But it all comes to a head when he tries to wangle a book out of a new age guru, who's all about Buddhist-style simplicity and honesty. Jack's bullshit is (apparently) too much for a nearby Bodhi tree; it transplants itself into Jack's backyard, and starts shedding one leaf for every word Jack speaks. Jack becomes convinced that when the tree runs out of leaves, his life will end.

You may recognize this genre: roughly, it's "supernatural forces make a the protagonist appreciate true values and redeem his life." (This movie's writer also wrote Click and Bruce Almighty. But also see Groundhog Day, Liar Liar, Scrooged, …)

In short, you've almost certainly already seen better versions of this movie. It bombed, and the studio seems to have figured out that it was a stinker: filmed in 2008, but not released until last year. But (on the other hand) Eddie Murphy is still pretty funny. But (on the third hand) he's funnier when he talks, and he shuts up for a lot of the movie.

Finally: it's rated PG-13, and (as the IMDB helpfully tallies) you can get away with "1 use of f***, abou 10 uses of s**t, 2 obscene hand gestures, 2 uses of d***head." (No, not "deadhead".) I'm kind of surprised at that.


Last Modified 2013-06-19 9:43 AM EST

Star Trek Into Darkness

[5.0 stars] [IMDb Link] [Amazon Link]

The second see-it-in-the-theatre blockbuster for us this season; probably the one I most wanted to see. What can I say? Your unfaithful blogger is a big old Star Trek geek. As I type, the IMDB raters have this at #161 on the top 250 movies of all time. Hm. I don't think that can be defended in objective Aristotliean standards of artistic quality, but I sure had a good time.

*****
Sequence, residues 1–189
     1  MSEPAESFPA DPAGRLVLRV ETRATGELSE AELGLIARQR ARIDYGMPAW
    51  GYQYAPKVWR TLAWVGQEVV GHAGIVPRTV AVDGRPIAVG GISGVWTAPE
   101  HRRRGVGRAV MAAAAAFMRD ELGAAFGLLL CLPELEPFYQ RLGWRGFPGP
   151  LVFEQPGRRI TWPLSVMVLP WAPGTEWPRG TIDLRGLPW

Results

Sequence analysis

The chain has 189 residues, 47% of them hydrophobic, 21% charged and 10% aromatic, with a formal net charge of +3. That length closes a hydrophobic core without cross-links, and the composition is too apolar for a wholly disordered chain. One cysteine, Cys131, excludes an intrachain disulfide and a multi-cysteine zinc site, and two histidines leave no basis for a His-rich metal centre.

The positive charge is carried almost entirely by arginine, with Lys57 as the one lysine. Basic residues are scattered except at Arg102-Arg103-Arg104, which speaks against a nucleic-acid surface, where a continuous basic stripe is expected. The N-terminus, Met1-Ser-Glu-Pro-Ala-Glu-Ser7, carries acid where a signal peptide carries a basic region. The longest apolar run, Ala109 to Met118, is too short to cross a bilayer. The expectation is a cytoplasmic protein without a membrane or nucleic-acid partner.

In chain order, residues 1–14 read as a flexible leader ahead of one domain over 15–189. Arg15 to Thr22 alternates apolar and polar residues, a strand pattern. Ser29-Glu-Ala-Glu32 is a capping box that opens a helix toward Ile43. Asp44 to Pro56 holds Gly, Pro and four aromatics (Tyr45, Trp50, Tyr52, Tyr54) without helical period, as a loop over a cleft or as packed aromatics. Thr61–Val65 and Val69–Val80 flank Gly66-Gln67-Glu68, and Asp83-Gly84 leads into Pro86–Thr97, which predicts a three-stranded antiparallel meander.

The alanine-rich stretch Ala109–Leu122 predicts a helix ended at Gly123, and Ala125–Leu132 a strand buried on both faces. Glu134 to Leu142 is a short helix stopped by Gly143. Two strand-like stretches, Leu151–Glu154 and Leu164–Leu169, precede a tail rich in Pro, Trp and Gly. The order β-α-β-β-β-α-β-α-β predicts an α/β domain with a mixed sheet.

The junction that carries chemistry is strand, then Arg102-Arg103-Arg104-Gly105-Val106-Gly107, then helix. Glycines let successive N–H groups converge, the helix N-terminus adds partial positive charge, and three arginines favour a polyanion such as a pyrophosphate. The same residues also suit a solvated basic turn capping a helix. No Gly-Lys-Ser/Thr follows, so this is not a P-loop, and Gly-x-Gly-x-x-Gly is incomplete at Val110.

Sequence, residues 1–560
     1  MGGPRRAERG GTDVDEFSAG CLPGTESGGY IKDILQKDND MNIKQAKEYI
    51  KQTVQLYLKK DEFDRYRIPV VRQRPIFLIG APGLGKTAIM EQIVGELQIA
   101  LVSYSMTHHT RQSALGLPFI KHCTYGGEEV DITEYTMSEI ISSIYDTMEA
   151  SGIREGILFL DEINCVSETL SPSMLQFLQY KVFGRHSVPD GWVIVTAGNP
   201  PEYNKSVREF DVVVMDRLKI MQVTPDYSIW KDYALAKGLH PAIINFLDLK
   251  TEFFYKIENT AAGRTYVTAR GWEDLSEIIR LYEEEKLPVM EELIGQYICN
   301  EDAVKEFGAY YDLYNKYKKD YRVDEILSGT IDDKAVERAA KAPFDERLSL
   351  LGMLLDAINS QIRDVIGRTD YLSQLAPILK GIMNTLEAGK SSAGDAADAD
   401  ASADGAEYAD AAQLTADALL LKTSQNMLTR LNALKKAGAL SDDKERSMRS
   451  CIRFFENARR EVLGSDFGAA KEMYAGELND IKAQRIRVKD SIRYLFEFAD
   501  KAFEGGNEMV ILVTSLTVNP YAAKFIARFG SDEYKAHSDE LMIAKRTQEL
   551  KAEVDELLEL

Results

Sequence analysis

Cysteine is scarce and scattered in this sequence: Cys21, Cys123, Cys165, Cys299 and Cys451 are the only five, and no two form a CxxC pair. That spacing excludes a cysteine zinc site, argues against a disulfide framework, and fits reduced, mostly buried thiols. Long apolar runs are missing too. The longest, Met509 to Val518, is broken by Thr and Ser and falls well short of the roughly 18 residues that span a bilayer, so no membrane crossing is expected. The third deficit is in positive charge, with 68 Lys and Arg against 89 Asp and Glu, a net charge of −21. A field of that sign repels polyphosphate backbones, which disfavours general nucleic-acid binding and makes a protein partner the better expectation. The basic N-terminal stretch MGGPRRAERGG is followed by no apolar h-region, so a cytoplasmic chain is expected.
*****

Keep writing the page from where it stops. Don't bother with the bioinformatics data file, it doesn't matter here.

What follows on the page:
And note: there's apparently no official colon after Trek in the title. It's Star Trek Into Darkness. What's next? Star Trek Through Peril? Star Trek Over Adversity?

I usually do a brief plot summary in these blurbs. Won't bother. Suffice to say: the previous film established the "new" movies in an alternate timeline from the original. But that doesn't mean that capital-D Destiny doesn't draw the same characters back into interaction. Also plot elements, but always with a twist or neat inversion. I imagine the movie stands well on its own, but if you see it, it probably wouldn't hurt to brush up on the "good parts" of the original canon.

(That's probably too broad a hint. I accidentally discovered the movie's big surprise with a single glance at its IMDB front page. Oops! Don't make the same mistake if you want to maximize the shock.)

For a Star Trek movie, it's notably action-packed. If I had a quibble, it would be that there's nary a moment's peace, where the characters can just yak. (And if I had a second quibble, it would be about that tribble…)


Last Modified 2013-06-19 9:42 AM EST

Les Misérables

[3.5 stars] [IMDb Link] [Amazon Link]